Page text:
IN 1973, Cuba’s revolutionary leader, Fidel Castro, reportedly said that the normalisation of relations between the Caribbean island and the United States would take place when the latter had a black president and when there was a Latin American pope.
The prophetic word came to pass when on December 17, 2014 Presidents Barack Obama and Raul Castro announced the thawing of relations between the US and Cuba.
Pope Francis (an Argentinian) has been credited for playing a major role in the historical event. On Wednesday, we saw Cuba and the US taking a further step toward the full restoration of diplomatic ties, as the two countries agreed to reopen embassies in their respective countries as of July 20 this year.
The United States severed diplomatic ties with Cuba in January 1961 following the Cuban revolution and thereafter has interfered in its internal affairs — working tirelessly to overthrow Castro’s government — imposing an economic embargo that has been in place to date.
The sanctions against Cuba were meant to isolate Cuba and turn it into a pariah state. Although the embargo’s main target was Fidel Castro, the sanctions as is the norm with US sanctions have immensely hurt ordinary Cubans. The frosty relations between Cuba and the US in the past five decades were also characterised by Cold War protests, provocations and strains. These have been five decades of immense economic suffering for the Cuban people, but this did not kill their resolve and determination to fight for what rightly belongs to them, and to also tell a superpower like the United States that it was on the wrong side of history since 1959 and remained on that wrong side well into the 21st Century.
Thus President Obama’s remark was well placed: President Obama said in his statement: “We don’t have to be imprisoned by the past.”
The Cuban resolve also gave the US a taste of its medicine. It preaches democracy and human rights, but fails to abide by the principles of justice as it interferes in the internal affairs of sovereign states in order to foist its brand of democracy. It remained a mystery that the US was able to normalise relations with former Cold War antagonists like China, Russia, Vietnam, but could not do the same with its neighbour, Cuba.
But, the trade embargo remains, and might be there for years to come considering that it will take the US Congress to have it removed. While this latest move is commendable, we also laud the Cuban government for the cautious pragmatism in how they have approached the normalisation of relations with the US.
They are not throwing caution to the wind as they realise that the most difficult part of the deal is the removal of the trade embargo, a move that some US Congressmen and Republican presidential hopefuls are vehemently opposing.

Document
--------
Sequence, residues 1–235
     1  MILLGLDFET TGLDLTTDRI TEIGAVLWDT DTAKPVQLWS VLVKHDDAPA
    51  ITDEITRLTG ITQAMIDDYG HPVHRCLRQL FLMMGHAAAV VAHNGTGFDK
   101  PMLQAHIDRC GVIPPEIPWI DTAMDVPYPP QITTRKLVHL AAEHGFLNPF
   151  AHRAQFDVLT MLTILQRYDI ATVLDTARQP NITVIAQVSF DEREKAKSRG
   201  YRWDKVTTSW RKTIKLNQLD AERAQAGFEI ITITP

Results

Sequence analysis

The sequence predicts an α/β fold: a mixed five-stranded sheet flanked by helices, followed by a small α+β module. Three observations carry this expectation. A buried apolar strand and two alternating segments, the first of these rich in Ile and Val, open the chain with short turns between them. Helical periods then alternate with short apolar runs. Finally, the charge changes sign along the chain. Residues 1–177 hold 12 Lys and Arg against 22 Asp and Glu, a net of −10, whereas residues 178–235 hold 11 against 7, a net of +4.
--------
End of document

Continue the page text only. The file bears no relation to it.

Cuba has not shifted goalposts because its economic well-being is more important than anything else. Cuba is going in this as an equal partner, not a second class state that wants to take advantage of the rich pickings that might arise from closer ties with the US. It made this clear in a statement, where it seeks that certain fundamentals are fulfilled: “The re-establishment of diplomatic relations and the opening of embassies completes the first stage of what will be a long and complex process towards the normalisation of bilateral relations, in which it will be necessary to solve a number of issues derived from policies that were implemented in the past that are still in force and affect the Cuban nation and its people.
“There could be no normal relations between Cuba and the United States as long as the economic, commercial and financial blockade continues to be fully implemented, causing damage and scarcities to the Cuban people. The blockade is the main obstacle to the development of our economy; it is a violation of International Law and affects the interests of all countries, including those of the United States.”
President Raul Castro also called for “non-interference in the internal affairs of states; the promotion of friendly relations among nations based on respect for the principles of equal rights and self-determination of the peoples.”
Although the road ahead is bumpy Presidents Castro and Obama must be credited for having the political will to effect acceptable regime change in both countries. Although the US presidency is a straitjacket, we hope that by the time President Obama leaves office, he will have worked on some of the intricate issues that threaten the success of realising this deal to the full. That way, he will have boosted his legacy which will be underpinned by foreign policy agendas.
Cuba must also remain focused, for Fidel Castro and Raul Castro’s legacies are equally important. And, the biggest winners will be the Cuban people.